Chef Nathan Coulon is a member of a San Diego culinary dynasty, with a family name that holds a significant place in our city's food history. His first job was at the Belgian Lion, the venerated Ocean Beach restaurant that was owned and operated by his grandparents, Don and Arlene Coulon; the chef has also worked with his mother at her pastry shop, Michele Coulon Dessertier. In 2006, Coulon opened his own restaurant in Banker's Hill called Modus, and then moved on to chef at the Quarter Kitchen in the Ivy Hotel. Last summer, he launched Fox Restaurant Concepts' True Food Kitchen in Fashion Valley as the restaurant's executive chef; the restaurant group is currently considering a North County location.
What was it like to work in your grandparents' restaurant back in the day? What do you remember about San Diego's restaurant culture?
I remember going to a lot of the older restaurants that aren't around anymore like La Chaumine (in Pacific Beach) and the original Laurel Restaurant when Doug Organ was the chef there, and thinking that was amazing even though I was just twelve. There were a few good restaurants, but that was it.
What was your job at the Belgian Lion?
I officially started working there when I was thirteen. I started as a busboy and a dishwasher, I worked as a line cook and waiter - basically everything.
How have you seen San Diego restaurant culture change since then?
There are a lot more good chefs in San Diego. I wouldn't say we were cutting edge, but we're a little more ahead of the game than we used to be, compared to the older style of cooking back then. And the whole North County food scene didn't exist.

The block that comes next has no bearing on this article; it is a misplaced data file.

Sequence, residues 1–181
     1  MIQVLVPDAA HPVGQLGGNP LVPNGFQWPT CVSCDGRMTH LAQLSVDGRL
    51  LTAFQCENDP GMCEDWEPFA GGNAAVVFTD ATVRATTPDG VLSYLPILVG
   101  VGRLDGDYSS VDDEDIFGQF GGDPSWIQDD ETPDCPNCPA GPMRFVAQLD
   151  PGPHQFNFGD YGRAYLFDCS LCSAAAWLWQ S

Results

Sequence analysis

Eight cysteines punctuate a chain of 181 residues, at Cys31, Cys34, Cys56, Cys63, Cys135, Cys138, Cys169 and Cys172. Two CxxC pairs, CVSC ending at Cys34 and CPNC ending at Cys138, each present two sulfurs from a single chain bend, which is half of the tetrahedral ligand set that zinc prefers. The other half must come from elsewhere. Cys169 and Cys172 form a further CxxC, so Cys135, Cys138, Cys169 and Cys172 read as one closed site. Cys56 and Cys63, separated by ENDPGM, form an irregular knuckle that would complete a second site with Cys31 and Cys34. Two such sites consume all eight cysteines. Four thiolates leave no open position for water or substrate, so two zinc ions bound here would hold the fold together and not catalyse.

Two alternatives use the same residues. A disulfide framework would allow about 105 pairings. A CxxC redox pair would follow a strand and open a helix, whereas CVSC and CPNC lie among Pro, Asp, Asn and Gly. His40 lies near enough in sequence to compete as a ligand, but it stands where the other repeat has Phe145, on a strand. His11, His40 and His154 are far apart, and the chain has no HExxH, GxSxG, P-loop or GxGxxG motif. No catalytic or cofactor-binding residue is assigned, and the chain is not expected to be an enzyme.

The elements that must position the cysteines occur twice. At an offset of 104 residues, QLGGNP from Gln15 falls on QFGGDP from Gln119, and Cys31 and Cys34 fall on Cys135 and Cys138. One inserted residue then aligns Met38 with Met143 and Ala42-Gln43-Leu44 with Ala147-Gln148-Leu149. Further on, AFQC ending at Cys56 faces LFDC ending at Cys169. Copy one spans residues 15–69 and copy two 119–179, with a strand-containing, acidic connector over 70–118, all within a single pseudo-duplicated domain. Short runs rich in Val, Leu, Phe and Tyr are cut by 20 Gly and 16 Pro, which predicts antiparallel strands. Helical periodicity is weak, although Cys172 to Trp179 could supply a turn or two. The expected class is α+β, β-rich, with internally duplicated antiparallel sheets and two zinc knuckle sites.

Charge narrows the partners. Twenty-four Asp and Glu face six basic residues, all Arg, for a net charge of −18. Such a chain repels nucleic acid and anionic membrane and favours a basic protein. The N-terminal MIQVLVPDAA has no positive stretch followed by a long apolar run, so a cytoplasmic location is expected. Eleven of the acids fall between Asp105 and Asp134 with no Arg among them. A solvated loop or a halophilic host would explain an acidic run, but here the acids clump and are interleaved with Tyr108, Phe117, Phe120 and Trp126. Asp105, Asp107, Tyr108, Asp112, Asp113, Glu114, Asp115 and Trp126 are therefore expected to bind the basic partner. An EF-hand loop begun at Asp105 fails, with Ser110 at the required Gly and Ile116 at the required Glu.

Do you think people are going out to eat more?
The city's grown, but San Diego's still kind of a weekend town. If you go out on a Monday or Tuesday in Los Angeles, restaurants are busy and full; San Diego's big nights are Thursday, Friday, Saturday, and then Sunday for brunch.
What first attracted you to join True Food Kitchen?
I've always had great respect for Michael Stebner (True Food Kitchen's corporate chef) and what he does, and this is something that he had a lot to do with creating. Bringing healthy food to the masses is interesting, as is running a restaurant of this size and volume but doing it in a way where we're using organic produce and all the best ingredients that we can.
Michael Stebner opened Region in Hillcrest in 2003 and a lot of chefs think it was way ahead of its time, do you agree?
Absolutely. I remember going into the restaurant and at the end of the night, and every night, their refrigerator was empty. They started every day with fresh product. Our refrigerator here isn't completely empty at the end of the night, but nothing lasts more than two days.
You spent a two years working at the True Food Kitchen in Orange County. What was the restaurant scene like up there?
Restaurant culture-wise there were a few pockets of interesting stuff, but it was mostly corporate chains that I'd never heard of and that we don't really have too much of in San Diego. So that was a little bit of an adjustment, but we found some Asian restaurants in the area that were good.
Was your intention to always move back to San Diego?
When I first interviewed with the company, they asked me where I saw myself ending up and I said San Diego. And they said, "we should be able to do that."
How did San Diego changed in your time away?
The good thing is there's a lot that stayed the same. The chefs that I used to hang out with are still in business and doing what they do well, so that's a good sign.
Would you consider doing your own restaurant again?
I definitely plan on doing my own place again someday. Obviously I'd like to do something with my mom, but I don't know yet.
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